June 17, 1793 Speedy Departure of Those Privateers Thomas Jefferson [not available] In response to the complaint of Citizen Genet respecting the seizure of a French vessel by the Governor of New York, the cabinet members announce that French privateers should not seek safety in American ports and should respect the neutrality of the U.S. during the conflict between France and Britain.
August 21, 1793 State Courts to Apprehend Privateers Prizes Henry Knox Henry Lee Letter, directs actions re privateers & captured prizes; alludes to foreign hostilities & United States neutrality; discusses judicial system.
August 16, 1793 Procedure for Returning Ships Brought as Prizes into U.S. Ports By French Privateers Henry Knox Samuel Huntington Referring to the privateers mentioned in the U.S.-French agreement concerning French ships in U.S. ports, Knox directs that any prizes brought by French privateers into Connecticut ports be given back to the command of their sailing masters, or consuls from the ship's country.
August 3, 1793 Proposed Rules Governing Belligerents' Use of American Ports Alexander Hamilton [not available] The cabnet members provide proposed rules governing vessels of the belligerents in the war between Britain and France being armed and equipped in American ports. Privateers or those vessels adapted solely for war are deemed unlawful while those fitted for commerce or for commerce and war are lawful.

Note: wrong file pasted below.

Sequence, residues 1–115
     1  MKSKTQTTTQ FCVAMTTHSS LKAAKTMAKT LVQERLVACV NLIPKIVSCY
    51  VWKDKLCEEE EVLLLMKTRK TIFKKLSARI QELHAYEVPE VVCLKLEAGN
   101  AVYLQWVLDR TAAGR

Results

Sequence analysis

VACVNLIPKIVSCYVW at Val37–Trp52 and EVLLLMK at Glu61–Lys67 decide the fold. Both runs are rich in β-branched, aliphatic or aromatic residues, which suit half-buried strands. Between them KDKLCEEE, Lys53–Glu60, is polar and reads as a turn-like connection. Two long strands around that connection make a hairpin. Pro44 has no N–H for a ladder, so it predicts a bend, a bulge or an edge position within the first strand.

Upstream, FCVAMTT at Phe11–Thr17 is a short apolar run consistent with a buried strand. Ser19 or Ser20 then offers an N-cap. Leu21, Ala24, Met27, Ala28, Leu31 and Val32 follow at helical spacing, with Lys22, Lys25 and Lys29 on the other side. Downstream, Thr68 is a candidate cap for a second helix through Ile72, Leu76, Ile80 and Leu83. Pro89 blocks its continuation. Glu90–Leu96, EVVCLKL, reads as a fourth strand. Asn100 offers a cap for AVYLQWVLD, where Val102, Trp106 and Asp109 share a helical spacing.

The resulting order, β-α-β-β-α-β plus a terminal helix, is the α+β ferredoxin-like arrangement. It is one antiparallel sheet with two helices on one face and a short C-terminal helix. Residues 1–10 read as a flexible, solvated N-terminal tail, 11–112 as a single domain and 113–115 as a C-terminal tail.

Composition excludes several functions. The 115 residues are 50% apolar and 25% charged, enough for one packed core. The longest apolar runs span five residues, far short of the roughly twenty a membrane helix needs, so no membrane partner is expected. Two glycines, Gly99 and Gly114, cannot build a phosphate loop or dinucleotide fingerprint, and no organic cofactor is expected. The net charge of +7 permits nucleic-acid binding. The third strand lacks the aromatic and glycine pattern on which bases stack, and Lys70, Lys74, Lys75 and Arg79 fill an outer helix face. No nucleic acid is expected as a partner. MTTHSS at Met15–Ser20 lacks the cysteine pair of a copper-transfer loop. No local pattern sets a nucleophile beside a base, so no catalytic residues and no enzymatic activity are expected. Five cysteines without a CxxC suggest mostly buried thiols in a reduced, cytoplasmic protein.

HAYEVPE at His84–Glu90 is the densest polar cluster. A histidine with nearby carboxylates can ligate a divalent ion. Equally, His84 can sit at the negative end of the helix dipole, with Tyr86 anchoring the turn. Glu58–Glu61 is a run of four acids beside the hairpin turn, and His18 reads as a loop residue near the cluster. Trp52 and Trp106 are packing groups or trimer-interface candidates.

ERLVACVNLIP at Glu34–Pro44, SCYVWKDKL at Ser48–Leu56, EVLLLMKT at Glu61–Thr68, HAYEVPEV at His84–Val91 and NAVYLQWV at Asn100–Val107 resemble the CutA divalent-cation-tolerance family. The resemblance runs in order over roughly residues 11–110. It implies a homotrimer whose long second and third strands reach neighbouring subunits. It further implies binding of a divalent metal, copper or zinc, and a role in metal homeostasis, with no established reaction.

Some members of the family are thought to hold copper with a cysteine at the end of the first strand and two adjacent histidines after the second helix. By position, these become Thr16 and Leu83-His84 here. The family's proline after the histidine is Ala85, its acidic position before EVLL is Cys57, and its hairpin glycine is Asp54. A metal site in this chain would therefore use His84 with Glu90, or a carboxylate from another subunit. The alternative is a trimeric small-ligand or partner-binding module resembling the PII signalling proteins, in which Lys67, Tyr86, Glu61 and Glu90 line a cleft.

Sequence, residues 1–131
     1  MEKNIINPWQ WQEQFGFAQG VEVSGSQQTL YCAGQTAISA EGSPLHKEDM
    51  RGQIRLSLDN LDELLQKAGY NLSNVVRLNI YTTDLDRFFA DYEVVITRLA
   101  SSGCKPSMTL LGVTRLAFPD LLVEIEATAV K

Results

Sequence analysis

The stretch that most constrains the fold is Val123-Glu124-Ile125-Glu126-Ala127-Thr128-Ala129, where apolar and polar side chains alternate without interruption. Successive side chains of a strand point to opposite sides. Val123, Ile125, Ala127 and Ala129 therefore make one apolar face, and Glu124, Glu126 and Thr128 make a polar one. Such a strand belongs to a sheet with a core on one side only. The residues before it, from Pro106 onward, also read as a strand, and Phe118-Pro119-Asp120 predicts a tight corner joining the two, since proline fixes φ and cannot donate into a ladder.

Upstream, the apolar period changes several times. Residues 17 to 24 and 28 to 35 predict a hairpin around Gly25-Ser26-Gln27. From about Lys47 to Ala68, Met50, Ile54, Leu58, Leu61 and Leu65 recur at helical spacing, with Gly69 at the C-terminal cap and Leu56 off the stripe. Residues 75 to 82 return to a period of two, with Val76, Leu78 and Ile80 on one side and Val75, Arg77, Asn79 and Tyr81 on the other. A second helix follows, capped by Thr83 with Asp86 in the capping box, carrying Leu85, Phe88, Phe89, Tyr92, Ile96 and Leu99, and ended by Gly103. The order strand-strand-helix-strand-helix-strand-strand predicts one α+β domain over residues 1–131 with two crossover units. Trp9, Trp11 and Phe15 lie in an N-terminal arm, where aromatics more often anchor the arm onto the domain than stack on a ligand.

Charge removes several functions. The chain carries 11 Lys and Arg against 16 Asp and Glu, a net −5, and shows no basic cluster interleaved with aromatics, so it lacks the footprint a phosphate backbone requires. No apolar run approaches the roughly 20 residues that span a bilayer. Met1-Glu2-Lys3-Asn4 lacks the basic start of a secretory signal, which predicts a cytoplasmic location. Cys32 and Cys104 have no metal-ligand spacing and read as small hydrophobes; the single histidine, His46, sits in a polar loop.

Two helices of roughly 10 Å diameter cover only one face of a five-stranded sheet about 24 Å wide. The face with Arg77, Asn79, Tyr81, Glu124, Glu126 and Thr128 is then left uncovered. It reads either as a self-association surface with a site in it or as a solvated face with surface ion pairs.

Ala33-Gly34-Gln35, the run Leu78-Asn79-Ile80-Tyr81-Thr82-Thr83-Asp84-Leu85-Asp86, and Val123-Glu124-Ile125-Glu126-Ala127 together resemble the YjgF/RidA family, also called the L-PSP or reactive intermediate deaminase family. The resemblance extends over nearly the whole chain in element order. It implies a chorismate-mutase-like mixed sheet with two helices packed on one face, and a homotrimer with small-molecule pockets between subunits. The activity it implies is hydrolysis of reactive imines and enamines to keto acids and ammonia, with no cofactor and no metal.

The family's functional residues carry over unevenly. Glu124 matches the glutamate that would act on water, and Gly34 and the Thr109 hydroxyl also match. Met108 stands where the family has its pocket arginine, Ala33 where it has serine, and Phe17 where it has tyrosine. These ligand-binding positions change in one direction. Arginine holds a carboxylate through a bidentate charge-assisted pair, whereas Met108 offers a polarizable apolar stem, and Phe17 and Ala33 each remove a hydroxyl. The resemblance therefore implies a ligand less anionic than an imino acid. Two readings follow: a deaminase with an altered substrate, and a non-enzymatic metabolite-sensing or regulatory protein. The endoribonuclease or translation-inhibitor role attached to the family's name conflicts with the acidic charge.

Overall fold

August 7, 1793 Regulations for Preserving the Neutrality of U.S. Ports Henry Knox Samuel Huntington More formal list of regulations for preserving U.S. neutrality, based on Knox's letter of May 24 and drawn from international law. These deal with the legality of ships at war being outfitted or resupplying in American ports, especially French ships and the privateers of nations at war with France, and allow unarmed merchantmen of all nations to continue their trade in American ports. Asks that...
May 1793 Employment of Privateers Henry Knox George Clinton Policy toward commissioning of privateers [burned fragment, illegible in large part].
August 27, 1793 French Privateers Are Ordered to Depart Henry Knox Joshua Clayton The French privateers should be ordered to depart. If they refuse, Govenor Clayton should find the means to enforce this order.
August 18, 1794 Circular to the Governors of the States Alexander Hamilton Governors of these United States Circular letter from the War Department to the Governors of the States. Since Knox is absent, Hamilton is in his stead. He is directed by the President to write to the governors on the subject of French privateers fitted out in American ports, which are to be denied asylum except upon the condition of being dismantled of their military equipments. States that the conduct of some of these vessels...